The latest repost n post-war housing policy
Already, before the war, housing was a big issue (see the film Housing Problems in the previous post, Newtown Neurotic). Labour, despite the problems of the building programme in the context of past-war reconstruction, managed to build 600,000 new council houses. That is the context of the famous 1950 pledge by the Conservatives, at the 1950 Party Conference, to build 300,000 houses a year. This was a popular commitment.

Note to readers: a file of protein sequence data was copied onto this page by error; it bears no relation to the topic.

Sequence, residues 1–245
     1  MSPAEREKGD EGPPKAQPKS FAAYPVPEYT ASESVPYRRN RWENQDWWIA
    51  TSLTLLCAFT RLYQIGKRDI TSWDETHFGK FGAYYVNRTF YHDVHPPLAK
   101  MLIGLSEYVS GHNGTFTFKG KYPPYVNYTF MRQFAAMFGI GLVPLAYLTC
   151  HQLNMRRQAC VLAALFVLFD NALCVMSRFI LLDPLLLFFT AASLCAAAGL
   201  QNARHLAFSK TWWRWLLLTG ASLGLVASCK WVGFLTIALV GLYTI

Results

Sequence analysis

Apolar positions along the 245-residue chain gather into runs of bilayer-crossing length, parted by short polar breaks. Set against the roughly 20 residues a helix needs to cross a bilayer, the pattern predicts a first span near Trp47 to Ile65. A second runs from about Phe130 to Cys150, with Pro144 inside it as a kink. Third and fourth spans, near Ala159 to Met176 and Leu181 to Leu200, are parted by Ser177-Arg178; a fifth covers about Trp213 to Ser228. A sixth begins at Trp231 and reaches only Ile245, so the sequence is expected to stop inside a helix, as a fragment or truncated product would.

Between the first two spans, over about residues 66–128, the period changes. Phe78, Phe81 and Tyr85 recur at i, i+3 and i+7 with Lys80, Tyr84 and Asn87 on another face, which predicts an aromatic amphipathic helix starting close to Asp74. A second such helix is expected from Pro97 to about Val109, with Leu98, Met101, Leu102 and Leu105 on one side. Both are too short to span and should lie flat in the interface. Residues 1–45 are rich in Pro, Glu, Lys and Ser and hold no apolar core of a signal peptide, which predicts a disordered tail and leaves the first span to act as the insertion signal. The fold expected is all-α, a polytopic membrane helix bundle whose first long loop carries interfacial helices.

Restrictions on the construction of housing, necessitated by curbs on imported raw materials to help the balance of payments and, later, cuts in public spending had been unpopular with voters.
The first Minister of Housing in Churchill’s government was Harold Macmillan (1951-54). Macmillan had made his name as a reforming or social Tory (he even toyed with crossing the floor to Labour), with a strong commitment to social reform. His housing policy fitted Churchill’s consensus politics (and his old coalitionist tendencies)…
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